This queue is ridiculous. It's now 9:30, which means I've been here for over two and a half hours. There are likely about twice as many people behind me as ahead, meaning that there are about 120 people waiting for day seats... about twice as many as there are seats. I have no idea why people near the end are still here. I suppose it is the last day the play is showing, so they're probably just holding on to the vain hope that someone will return a ticket. Still, it's another hour until the box office opens, meaning they'll probably be waiting for nearly two hours still only to be disappointed.

(Later note: I got tickets to Richard II! Unfortunately, we didn't get Coriolanus tickets, but I probably would have picked David Tennant over Tom Hiddleston, if push really came to shove. As I post this, it's the interval between the two acts of Richard II, so I have seen David Tennant! So much excitement!)

Sunday, January 19, 2014

Day 137: Gotta Keep on Moving

(view of Budapest from the top of a mountain-thing)

I'm currently in country number five since leaving Saint Andrews (six, if you count driving through France in the middle of the night) and I've got two more to go before heading off to the UK in a week. Kayla and I just arrived in Bratislava (the capital of Slovakia) this morning, and we're already leaving tomorrow morning. All throughout our walking tour today I kept thinking 'We should take a better look at that tomorrow' only to realize that tomorrow I'll be heading off to Vienna.

I'm not sure what I think about this nomadic lifestyle. In some ways it's exhilarating, jumping from country to country, always with new places, people, languages, activities, food, sights... etc... It's so cool to hop on a bus knowing it's going to take me to another country in just a few short hours.

At the same time, though, it's tiring. Not just physically- although my feet certainly are sore!- but more mentally and emotionally. Life is so off anything that could be called routine so it's impossible to settle into a comfortable pattern. Every day is different, so it's hard to mentally keep up with what's going on. You know how you forget what day it is during Christmas vacation? Well, it's getting to the point where I forget what country I'm in!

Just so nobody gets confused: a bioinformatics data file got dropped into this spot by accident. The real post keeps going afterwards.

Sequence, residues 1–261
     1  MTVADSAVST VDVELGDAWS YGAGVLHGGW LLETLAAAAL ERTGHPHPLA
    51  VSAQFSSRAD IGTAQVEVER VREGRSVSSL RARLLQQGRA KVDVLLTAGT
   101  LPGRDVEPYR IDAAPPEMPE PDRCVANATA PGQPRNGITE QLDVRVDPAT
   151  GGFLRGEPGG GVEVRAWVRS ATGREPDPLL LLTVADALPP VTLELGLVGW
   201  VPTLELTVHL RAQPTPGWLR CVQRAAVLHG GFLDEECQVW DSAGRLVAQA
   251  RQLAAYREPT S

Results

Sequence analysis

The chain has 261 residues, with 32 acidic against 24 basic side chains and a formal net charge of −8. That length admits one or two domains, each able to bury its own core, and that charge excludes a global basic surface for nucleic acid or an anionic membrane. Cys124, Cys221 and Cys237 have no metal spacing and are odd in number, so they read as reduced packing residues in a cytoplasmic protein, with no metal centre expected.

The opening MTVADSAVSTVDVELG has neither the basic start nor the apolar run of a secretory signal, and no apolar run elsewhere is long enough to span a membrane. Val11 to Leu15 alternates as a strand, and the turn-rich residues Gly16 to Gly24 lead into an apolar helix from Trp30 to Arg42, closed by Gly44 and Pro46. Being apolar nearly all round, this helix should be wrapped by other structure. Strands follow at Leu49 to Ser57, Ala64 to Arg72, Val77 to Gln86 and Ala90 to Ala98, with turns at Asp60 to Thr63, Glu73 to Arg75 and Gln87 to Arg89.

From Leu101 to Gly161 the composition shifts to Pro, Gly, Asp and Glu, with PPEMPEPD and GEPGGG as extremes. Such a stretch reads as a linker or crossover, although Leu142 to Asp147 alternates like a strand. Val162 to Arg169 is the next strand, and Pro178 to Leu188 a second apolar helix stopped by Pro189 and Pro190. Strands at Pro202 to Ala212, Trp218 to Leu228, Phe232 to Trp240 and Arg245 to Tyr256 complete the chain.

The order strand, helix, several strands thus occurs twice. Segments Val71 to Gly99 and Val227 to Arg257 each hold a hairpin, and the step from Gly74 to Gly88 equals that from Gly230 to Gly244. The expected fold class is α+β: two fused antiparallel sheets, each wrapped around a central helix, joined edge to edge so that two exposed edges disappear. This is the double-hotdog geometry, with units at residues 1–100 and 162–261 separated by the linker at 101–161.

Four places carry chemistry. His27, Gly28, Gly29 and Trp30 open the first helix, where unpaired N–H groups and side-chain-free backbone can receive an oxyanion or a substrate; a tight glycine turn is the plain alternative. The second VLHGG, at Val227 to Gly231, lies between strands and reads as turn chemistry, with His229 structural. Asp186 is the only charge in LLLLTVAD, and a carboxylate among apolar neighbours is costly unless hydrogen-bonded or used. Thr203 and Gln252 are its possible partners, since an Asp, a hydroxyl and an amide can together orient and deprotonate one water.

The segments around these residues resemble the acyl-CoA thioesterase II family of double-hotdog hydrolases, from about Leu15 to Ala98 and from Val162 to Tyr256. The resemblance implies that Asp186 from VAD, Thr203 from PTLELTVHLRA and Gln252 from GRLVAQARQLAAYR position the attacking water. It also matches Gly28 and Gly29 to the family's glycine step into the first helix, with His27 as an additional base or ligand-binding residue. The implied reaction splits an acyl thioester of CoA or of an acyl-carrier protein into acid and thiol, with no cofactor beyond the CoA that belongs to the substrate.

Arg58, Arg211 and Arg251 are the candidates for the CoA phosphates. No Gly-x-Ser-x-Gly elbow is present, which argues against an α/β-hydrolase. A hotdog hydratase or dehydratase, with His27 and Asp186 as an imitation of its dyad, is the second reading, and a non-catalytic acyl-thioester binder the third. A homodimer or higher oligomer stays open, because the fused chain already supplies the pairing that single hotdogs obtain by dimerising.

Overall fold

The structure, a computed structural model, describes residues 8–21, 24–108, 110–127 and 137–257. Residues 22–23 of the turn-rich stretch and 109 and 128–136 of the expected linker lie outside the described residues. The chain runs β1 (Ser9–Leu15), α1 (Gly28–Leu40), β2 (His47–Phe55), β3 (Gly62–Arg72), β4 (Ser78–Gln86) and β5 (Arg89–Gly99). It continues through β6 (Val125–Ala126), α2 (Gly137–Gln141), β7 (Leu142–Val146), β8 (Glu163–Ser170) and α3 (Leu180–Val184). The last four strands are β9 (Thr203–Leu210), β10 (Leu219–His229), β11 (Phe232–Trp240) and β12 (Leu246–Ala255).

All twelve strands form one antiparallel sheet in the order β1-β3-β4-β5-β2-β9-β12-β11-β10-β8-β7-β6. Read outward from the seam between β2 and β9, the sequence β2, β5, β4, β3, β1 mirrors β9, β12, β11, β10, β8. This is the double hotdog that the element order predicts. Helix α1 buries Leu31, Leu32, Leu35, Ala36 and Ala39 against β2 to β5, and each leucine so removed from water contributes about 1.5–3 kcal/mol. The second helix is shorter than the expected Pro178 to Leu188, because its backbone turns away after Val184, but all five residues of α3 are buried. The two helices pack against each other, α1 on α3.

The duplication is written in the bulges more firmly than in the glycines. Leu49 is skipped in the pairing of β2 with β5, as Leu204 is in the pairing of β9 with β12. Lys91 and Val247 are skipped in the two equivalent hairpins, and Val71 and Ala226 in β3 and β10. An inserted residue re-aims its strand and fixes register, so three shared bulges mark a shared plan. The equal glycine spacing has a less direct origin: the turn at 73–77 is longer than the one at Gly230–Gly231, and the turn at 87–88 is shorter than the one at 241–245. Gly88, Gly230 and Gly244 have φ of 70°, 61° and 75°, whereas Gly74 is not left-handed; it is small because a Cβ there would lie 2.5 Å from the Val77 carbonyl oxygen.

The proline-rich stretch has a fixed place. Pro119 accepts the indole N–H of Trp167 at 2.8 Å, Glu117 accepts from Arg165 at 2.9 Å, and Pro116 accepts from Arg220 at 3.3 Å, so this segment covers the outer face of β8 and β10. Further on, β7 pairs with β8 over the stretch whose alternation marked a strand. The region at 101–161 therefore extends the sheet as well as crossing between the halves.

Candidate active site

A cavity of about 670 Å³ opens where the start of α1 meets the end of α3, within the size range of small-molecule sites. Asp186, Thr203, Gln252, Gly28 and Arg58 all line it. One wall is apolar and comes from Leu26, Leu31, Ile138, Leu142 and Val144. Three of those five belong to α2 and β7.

Emotionally, too, it's exhausting to continually meet new people and places only to lose them a few short hours later. I've met so many neat people recently, in hostels, on tours, and in restaurants, and it's quite likely I'll never see any of them again. On Monday, Kayla and I went out for drinks with some guys from the Oxford hockey team who were touring through Europe, and tonight we ate supper with two American exchange students we met on a walking tour. In both cases, we chatted for a few hours, got to know the people, and then hugged them goodbye. Maybe I'll see them again, but most likely they're gone from my life.

The places, also, are gone so quickly. As much as I love the unusual beauty of these Eastern European countries, I have no plans to return. Never say never, of course, but with some much of the world to see, a return to Bratislava is hardly high priority.  It's so fascinating to be here, learning about the history and culture of this area, but in a week, when I'm back in the west, these places will be nothing but a memory. It's weird to leave a place knowing how it's likely I'll never return.

Travel really isn't what I thought it would be. It's not the effortless jetting from place to place that it always seems like in the movies. It's a panorama of sights and sounds and people and places and greetings and goodbyes and hostels and busses and new friends and unfriendly conductors and nights walking down cobbled streets and mornings climbing mountains and sore feet and cold hands and endless photos. It's everything. 

It's like a kaleidoscope, an ever-changing image. And, just like a kaleidoscope, to get to the next pattern you have to lose the last one. And even if the new place isn't any nicer than the old one, that's okay. The point of a kaleidoscope is change, not creating the perfect pattern. That's why travel isn't about finding the perfect destination- it's about experiencing them all.

Monday, January 13, 2014

Day 134: The One-Third Mark

(I'm currently in Budapest- so gorgeous!)

A bit over a week ago, around the time I got to the Netherlands, I passed the four-month mark of my time here in Europe. Since it appears that I'll be over here for a total of around a year, this also means that I've spent just over a third of my time.